This February, with no warning at all, my wife told me it was over. I was blindsided. Sure, our marriage was far from perfect, and we’d had our fights, but I’d never expected anything to happen so suddenly. One day, things had seemed fine. The next, the love of my life was gone, and with horror I realized she’d taken all my belts with her.

Nothing can prepare you for that emotional blow: simultaneously losing your soulmate and your primary means of keeping loose-fitting pants from falling down. I raced upstairs, where I confirmed my worst fears. My wife was gone and my main belt rack was empty of belts: a deserted wasteland. Brown belts, black belts, woven belts, glossy belts—many dozens of belts had disappeared. For so long, they were there, and now, suddenly, they weren’t.

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I remember how empty the house felt in those first few weeks. In place of our usual morning routine was a void. Where once we had cooked eggs and, with my jeans comfortably secured at my waist, talked idly about our lives, now all I could do was pace, beltless and alone in the morning light, trying to figure out what went wrong. In the evenings, I’d set the table for two out of habit. Then I’d reach down to adjust my belt and find that my pants had fallen all the way down to my feet.

Nothing can prepare you for that emotional blow: simultaneously losing your soulmate and your primary means of keeping loose-fitting pants from falling down.

Soon, I saw that I couldn’t go on like this forever. There was no use obsessing over whether or not my wife was using the belts, whether she had thrown them away, whether she still loved me, or how she’d so thoroughly collected all the stray belts that had once littered the floors of our house. The living room, which had once been a sprawling graveyard of my beautiful discarded and broken belts, was now bare, and I had to accept that crying for hours wasn’t going to bring my belts back.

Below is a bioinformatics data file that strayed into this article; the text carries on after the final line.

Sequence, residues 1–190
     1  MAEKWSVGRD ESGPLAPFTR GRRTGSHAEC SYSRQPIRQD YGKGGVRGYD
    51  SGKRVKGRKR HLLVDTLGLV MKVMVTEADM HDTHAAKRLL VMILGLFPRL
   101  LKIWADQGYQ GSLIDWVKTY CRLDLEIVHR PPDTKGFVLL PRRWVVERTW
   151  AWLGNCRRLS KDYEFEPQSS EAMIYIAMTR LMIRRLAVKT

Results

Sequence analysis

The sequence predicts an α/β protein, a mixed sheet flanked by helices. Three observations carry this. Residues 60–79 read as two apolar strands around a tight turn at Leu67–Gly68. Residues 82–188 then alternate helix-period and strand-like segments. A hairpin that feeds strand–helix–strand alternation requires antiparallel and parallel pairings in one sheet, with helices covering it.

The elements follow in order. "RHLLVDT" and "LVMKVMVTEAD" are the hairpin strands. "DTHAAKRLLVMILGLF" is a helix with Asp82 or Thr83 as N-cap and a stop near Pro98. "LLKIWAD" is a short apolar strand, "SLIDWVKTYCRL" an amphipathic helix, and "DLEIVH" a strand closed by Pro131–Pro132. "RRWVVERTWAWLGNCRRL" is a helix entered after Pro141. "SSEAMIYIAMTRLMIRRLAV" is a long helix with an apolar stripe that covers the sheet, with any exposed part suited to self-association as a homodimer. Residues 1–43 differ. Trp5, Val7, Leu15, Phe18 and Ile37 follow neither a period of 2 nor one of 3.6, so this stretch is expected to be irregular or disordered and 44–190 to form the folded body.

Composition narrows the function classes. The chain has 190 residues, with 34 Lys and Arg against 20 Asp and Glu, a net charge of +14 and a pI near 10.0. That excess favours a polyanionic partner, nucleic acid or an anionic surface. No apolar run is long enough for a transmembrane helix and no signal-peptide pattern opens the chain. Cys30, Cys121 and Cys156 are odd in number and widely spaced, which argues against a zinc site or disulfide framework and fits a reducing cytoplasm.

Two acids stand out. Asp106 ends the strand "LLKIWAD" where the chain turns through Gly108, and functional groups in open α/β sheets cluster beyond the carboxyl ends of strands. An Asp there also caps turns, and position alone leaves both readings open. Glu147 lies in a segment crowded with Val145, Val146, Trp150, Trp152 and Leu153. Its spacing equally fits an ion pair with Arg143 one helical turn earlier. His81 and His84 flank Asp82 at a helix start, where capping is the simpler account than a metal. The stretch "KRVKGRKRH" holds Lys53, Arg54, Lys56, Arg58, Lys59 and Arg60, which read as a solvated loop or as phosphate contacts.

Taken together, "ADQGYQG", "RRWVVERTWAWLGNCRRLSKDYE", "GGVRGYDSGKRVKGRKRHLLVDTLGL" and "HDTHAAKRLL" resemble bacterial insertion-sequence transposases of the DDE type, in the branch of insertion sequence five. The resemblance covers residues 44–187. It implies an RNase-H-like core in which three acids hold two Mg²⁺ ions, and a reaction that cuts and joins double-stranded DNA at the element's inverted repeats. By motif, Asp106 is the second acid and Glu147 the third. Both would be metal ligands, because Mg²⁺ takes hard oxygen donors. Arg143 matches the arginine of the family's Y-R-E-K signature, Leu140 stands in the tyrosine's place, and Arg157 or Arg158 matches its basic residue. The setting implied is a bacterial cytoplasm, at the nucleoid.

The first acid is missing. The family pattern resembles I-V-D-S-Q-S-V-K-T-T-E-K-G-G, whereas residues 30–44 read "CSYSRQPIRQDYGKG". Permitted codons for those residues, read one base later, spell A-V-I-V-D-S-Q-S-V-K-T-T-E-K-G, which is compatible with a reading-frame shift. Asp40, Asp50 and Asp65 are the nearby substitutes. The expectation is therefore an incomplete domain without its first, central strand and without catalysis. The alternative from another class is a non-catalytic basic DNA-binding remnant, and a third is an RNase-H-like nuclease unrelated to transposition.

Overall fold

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I learned to stop scouring my memory for warning signs in the last days of our marriage. Had I overlooked my wife’s needs? Had I talked too much about my expansive troves of belts, at the expense of our relationship? Were the belts themselves, covering every spare inch of space in our house, part of the issue? These are pointless questions. That’s in the past.

Now, I’m dating again. It’s been a slow climb, and I’m only just now starting to feel comfortable. Even though I haven’t bought any new belts, I’ve bought a lot of nice basketball shorts, which I think is a good start. As a rule, I don’t like to bring up my ex-wife on first dates—there’s still too much pain. But if the date’s going well, and the moment feels right, sometimes I talk about my belts. The many belts I owned, in another life.